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Richard Smiraldi

After having graduated from a small college in Westchester with a degree in English literature, I moved into Manhattan in order to find a life of which to write about. I was young and eager. I wandered around the town with only F. Scott Fitzgerald to guide me. Most of the places he mentions in his novels no longer existed, like Club El Morrocco, which at the time I was there, had become a trendy rave bar. I spent a good deal of time at The Plaza Hotel Oak Bar but I never really was able to meet anyone who could help me with my quest to become the greatest living American novelist. I donned the attire and the snappy pseudo-British dialect that is common in so many of the 1930's flicks I enjoyed and in no small time at all I found my self in the company of Janet Sumner, a dowager from Gramercy Park. She took me all about the town and introduced me to "society." It was wonderful. I tried for a time my hand at Art dealing, but I was never so good at selling those contemporary artist's works at $14,000 a piece, which I detested myself. I would say things like,"It reminds me of a dream I had in my childhood." But what I actually meant was "a nightmare!" I had my share of billionaires come after me with their eager glares, attempting to bed me or wed me, male and female. But some small town scruples kept me from ever taking them up on it. Offers, I've had many, but never was I able to take a single one. And so my youth was swallowed in the bottom of a bottle of gin - good gin mind you. The years went by and I meandered from temporary administrative assistant job to job. Eventually one company sent me for graphics training and I developed into a graphic designer. I still enjoyed for a few seasons the private club life that exists in New York City, such as National Arts Club, Salmagundi, Century, Union League, New York Athletic Club or that wonderful club at fifth and 60th street- Metropolitan. Those of you who are familiar with club life will know of what I speak. It is a very e,lite regal and dignified world. You'd better put on your patrician best! I went from ball to ball and pillar to post. I had a wonderful time in Tarrytown on Cobb lane at The Davis', or at the Rockefellers. A few times I went yachting with one of the Hughes. And now there's a movie out, go figure!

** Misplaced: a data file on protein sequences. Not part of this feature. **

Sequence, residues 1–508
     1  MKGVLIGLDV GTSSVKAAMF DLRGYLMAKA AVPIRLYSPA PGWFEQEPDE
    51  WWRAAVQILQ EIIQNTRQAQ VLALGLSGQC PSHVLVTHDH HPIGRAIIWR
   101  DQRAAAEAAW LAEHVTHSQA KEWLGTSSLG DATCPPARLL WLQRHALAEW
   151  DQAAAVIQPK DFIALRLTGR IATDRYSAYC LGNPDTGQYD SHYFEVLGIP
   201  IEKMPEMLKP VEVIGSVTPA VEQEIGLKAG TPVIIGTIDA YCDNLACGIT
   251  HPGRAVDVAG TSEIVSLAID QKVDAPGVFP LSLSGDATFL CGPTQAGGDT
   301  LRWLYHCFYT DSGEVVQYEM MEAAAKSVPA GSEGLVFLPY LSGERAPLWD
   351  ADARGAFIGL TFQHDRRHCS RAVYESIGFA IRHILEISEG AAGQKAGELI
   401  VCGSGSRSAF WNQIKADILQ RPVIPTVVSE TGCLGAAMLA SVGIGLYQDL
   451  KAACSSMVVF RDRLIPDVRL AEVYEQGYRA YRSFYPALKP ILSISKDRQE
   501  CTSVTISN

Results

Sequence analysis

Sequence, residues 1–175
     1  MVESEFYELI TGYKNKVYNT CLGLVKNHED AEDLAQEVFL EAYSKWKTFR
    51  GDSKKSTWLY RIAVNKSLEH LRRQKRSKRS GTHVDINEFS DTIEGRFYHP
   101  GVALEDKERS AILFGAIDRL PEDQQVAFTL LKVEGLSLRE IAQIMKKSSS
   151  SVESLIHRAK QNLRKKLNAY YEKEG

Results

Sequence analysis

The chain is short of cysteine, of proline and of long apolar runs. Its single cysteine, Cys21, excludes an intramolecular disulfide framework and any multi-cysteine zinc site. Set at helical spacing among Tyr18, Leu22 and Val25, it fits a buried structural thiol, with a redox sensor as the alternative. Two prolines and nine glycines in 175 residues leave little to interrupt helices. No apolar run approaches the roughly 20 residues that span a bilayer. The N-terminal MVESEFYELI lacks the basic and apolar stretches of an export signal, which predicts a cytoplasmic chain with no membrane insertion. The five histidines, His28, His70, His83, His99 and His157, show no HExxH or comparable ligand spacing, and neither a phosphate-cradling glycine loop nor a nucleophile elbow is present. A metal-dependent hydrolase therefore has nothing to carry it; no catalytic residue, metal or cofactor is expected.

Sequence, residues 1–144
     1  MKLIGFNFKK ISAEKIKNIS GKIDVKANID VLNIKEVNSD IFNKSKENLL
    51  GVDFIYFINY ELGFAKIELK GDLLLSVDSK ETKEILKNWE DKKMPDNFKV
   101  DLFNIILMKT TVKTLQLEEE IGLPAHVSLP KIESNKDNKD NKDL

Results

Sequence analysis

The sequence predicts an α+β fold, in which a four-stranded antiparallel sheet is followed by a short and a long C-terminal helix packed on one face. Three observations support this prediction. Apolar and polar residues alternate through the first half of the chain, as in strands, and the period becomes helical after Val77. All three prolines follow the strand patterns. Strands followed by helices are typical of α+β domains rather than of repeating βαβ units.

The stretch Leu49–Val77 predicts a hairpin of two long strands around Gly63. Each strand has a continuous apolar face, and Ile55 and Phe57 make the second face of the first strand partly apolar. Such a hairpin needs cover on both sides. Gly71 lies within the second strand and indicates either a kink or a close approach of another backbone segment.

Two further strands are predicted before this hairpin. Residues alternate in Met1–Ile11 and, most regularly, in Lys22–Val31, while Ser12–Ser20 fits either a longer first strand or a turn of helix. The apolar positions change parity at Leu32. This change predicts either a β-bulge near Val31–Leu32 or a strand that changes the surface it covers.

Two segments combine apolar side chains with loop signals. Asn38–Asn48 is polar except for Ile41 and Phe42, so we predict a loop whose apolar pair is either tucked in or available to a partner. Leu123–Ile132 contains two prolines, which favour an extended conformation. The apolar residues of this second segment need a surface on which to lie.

Yes, it would seem I was finding a world to write about. I plummeted for a season and hung in the village at Dixieland jazz bars, piano bars, and any nightclubs where talent lie. I think I was searching for Jack Kerouac. But where have all the beatniks gone?

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